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Potential Mechanisms in the Pathogenesis of Virulent Aeromonas hydrophila in Channel Catfish, Ictalurus punctatus




Barger, Priscilla

Type of Degree

PhD Dissertation


Biological Sciences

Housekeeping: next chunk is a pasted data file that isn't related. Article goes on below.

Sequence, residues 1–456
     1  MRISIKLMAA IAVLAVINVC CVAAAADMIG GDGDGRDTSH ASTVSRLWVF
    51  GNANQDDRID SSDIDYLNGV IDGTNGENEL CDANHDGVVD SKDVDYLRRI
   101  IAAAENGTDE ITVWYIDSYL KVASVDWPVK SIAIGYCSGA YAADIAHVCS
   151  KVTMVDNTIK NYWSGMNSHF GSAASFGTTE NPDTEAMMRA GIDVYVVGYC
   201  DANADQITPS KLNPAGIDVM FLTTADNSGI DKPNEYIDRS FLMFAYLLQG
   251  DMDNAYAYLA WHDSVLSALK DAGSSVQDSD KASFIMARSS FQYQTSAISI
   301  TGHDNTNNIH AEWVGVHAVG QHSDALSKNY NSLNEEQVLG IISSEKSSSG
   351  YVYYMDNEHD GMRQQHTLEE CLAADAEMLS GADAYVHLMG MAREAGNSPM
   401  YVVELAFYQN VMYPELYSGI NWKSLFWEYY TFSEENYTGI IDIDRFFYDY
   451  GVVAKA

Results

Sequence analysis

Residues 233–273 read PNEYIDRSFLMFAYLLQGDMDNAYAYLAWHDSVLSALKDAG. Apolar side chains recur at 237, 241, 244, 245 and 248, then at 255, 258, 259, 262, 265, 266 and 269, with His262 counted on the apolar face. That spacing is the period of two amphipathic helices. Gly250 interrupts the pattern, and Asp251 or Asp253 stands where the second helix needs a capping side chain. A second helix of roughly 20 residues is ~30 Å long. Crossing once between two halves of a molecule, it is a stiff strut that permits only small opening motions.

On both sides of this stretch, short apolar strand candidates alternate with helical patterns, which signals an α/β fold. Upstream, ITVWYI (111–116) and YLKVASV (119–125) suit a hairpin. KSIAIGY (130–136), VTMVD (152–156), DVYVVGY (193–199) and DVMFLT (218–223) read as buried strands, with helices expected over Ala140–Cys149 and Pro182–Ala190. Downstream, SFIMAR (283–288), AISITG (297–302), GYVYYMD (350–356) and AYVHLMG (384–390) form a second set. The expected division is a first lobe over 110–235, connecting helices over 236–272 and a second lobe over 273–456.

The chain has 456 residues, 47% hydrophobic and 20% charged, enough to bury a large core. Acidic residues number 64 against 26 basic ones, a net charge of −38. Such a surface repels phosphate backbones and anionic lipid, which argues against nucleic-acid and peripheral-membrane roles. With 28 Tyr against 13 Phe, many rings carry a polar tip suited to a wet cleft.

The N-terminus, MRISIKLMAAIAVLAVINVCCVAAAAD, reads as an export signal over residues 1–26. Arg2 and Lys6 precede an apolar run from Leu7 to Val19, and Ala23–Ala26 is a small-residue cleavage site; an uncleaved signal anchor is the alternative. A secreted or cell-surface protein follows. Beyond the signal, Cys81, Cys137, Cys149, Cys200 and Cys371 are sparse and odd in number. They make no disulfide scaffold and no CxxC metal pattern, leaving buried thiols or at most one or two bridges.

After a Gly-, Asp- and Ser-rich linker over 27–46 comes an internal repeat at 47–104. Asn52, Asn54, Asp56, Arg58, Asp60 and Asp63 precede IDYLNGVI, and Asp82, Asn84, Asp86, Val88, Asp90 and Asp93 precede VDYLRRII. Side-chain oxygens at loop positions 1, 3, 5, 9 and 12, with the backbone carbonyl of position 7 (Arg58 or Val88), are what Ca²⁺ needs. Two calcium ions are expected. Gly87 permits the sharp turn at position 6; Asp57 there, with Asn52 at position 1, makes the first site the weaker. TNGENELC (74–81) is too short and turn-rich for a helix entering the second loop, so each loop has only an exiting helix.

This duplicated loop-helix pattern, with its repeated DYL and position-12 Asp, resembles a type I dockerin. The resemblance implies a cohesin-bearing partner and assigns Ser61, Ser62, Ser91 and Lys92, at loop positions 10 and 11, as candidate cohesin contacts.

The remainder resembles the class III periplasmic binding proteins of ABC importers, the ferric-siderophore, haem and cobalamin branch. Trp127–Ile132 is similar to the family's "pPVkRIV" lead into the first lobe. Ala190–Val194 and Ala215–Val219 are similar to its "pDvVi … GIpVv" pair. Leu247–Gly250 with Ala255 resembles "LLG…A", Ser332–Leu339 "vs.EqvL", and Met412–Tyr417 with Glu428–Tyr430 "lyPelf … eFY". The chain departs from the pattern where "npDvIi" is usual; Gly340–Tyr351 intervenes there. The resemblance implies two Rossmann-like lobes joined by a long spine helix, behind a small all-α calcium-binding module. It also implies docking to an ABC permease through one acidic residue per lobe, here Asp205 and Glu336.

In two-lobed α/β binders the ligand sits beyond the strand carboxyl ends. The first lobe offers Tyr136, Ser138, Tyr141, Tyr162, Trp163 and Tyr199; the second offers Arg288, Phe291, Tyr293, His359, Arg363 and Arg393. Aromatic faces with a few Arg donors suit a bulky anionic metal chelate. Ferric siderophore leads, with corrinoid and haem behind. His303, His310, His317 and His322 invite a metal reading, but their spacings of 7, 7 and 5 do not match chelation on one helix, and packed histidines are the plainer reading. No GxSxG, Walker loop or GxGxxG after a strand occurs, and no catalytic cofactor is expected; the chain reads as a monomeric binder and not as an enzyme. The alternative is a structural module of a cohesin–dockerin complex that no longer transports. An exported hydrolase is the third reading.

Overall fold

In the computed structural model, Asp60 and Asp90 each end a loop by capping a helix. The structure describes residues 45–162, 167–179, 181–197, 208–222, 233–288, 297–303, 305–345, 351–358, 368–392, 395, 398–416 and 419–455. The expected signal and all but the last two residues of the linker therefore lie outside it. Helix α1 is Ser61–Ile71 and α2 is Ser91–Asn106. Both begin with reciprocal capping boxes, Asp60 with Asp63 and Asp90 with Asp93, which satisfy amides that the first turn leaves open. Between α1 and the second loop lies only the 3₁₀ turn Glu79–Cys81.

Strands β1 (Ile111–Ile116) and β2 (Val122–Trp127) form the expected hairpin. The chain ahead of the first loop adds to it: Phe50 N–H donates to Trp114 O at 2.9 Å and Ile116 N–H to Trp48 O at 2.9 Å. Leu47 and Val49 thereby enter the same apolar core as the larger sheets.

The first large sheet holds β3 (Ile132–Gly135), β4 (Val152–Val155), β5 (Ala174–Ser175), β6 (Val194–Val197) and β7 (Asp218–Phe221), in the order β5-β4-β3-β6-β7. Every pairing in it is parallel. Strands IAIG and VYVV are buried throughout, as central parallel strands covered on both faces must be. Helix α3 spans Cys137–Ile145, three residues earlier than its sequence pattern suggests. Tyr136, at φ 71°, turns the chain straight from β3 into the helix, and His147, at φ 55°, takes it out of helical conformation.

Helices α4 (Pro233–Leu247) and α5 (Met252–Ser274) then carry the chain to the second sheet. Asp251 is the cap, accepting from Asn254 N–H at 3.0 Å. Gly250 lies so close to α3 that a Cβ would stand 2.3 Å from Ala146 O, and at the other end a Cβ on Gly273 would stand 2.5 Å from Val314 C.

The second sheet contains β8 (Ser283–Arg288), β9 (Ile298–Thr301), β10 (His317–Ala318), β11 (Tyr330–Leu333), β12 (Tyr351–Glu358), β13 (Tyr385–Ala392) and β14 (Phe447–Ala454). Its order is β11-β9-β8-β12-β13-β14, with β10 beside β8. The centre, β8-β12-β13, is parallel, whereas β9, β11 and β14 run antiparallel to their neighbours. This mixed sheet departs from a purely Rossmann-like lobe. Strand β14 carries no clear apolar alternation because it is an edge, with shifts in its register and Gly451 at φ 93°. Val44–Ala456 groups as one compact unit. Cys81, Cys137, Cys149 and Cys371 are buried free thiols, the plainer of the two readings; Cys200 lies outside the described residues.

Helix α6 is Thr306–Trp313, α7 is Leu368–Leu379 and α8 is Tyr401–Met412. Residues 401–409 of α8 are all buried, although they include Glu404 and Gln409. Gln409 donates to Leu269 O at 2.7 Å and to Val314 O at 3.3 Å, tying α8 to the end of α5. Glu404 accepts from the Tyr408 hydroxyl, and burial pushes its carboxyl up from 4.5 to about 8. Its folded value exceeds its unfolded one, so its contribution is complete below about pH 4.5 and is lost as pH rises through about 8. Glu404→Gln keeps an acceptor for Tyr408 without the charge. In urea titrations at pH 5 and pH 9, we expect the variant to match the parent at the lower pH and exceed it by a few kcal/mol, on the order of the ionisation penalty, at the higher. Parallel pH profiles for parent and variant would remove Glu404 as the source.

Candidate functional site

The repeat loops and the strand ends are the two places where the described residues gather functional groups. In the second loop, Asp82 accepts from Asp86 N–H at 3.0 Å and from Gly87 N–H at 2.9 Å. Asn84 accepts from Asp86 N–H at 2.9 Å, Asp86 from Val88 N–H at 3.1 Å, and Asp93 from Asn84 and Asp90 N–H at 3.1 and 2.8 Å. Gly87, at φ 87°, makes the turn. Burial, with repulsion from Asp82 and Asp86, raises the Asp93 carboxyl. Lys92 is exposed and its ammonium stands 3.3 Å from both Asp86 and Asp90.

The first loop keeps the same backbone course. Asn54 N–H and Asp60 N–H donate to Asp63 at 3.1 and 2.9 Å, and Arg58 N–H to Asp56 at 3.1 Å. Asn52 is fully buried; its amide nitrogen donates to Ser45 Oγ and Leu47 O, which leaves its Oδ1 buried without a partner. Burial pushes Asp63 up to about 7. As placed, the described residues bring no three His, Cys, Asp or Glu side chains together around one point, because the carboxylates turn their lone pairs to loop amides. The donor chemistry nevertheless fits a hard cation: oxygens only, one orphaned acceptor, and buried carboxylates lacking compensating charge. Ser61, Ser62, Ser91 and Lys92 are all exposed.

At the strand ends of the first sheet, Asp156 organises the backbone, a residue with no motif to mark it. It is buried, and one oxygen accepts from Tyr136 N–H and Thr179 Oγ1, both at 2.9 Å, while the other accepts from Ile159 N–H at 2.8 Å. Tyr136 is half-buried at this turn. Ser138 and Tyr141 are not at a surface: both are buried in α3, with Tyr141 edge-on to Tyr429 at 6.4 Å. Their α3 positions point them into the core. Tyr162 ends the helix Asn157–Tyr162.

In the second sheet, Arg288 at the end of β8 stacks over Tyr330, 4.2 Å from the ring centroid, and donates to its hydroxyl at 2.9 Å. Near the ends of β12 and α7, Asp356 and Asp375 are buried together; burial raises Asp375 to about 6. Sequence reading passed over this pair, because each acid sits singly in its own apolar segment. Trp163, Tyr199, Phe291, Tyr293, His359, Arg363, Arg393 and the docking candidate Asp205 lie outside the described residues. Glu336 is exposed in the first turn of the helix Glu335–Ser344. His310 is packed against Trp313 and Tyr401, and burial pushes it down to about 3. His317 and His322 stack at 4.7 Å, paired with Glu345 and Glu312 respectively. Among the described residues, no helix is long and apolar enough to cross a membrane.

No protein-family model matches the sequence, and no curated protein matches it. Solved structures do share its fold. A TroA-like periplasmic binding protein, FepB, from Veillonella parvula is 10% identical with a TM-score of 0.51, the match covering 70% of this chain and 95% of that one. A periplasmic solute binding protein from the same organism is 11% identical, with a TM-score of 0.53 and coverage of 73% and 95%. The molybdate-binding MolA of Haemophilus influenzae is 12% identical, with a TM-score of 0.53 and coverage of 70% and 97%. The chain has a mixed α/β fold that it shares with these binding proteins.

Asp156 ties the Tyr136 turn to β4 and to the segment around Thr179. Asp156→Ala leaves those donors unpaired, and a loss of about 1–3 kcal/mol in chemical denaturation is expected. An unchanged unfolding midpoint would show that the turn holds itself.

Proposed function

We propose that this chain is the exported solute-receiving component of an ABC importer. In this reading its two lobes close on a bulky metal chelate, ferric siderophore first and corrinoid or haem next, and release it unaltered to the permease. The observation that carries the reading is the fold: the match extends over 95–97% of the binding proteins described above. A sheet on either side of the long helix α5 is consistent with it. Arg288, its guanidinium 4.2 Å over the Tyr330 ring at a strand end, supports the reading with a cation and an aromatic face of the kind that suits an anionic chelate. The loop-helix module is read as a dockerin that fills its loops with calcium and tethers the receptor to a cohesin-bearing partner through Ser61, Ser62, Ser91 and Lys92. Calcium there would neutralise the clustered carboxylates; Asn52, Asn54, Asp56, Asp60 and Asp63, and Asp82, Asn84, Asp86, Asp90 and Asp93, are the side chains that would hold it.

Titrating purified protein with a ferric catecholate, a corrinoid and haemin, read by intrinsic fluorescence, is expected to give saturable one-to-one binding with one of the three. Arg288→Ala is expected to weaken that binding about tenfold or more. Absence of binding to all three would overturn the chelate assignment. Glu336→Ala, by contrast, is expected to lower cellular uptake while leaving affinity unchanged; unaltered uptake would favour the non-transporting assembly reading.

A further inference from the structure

Aeromonas hydrophila are Gram-negative bacteria ubiquitous in freshwater ecosystems. A. hydrophila are opportunistic pathogens with a broad host range that includes mammals, fish, reptiles, amphibians, and invertebrates. In Southeastern catfish production systems, A. hydrophila are common opportunistic pathogens causing muscle necrosis and, less often, septicemia, with outbreaks occurring following primary immune insult. In 2009, outbreaks of motile aeromonad septicemia (MAS) of epidemic proportions occurred in west Alabama catfish production systems resulting in significant mortalities, with some ponds exceeding 60% mortality of market-size catfish. The etiologic agent, a hypervirulent A. hydrophila, referred to herein as vAh, is capable of causing disease as a primary pathogen. Since 2009, vAh-induced MAS (vMAS) outbreaks in west Alabama and east Mississippi catfish productions systems have resulted in $60 - $70 million dollar in losses. Because no prerequisite environmental conditions have been identified, management practices have failed to limit or prevent vMAS outbreaks. In an attempt to elucidate mechanisms of vAh pathogenesis, a comparison of vAh proteins secreted under two primary ecological niches – biofilm and planktonic growth - was undertaken. To further understand how growth niche could influence pathogenicity, gene expression of putative virulence factors was compared. Lastly, to determine the importance of these secreted proteins in vAh virulence, a secretion-deficient mutant was created by recombineering, and functional screening of mutant and wild-type secretomes were performed in vitro, and in vivo challenges were performed in channel catfish. The results of this work show that vAh niche occupation significantly influences secretion of degradative and toxigenic proteins. Furthermore, gene expression is intimately tied to niche occupation, with 35% of all genes differentially expressed based on growth condition. Biofilm transcriptomes revealed upregulation of multiple putative virulence factor classes that, while required for biofilm production and maintenance, could act secondarily to increase host colonization and invasiveness. Toxin genes were upregulated in planktonic transcriptomes, suggesting that planktonic growth may more closely mimic bacterial growth in vivo and may prime vAh to cause disease within a host. Finally, functional screening of a T2SS mutant revealed complete loss of degradative and hemolytic ability in a secretion-deficient mutant in vitro as well as complete attenuation of virulence in vivo. Whole-pathway T2SS complementation completely restored proteolytic and hemolytic functionality in vitro and restored in vivo virulence, demonstrating that T2SS is the primary secretory pathway for degradative and hemolytic proteins in vAh, and that a functional T2SS is required for vAh virulence. These results established that T2SS and the T2S effectors play a vital role in the pathogenicity of vAh, and provide convincing evidence for the role of toxins in the development of vMAS. The research presented herein underscores the importance of considering pond ecology and natural bacterial niche ecology in the study of bacterial pathogenicity and virulence.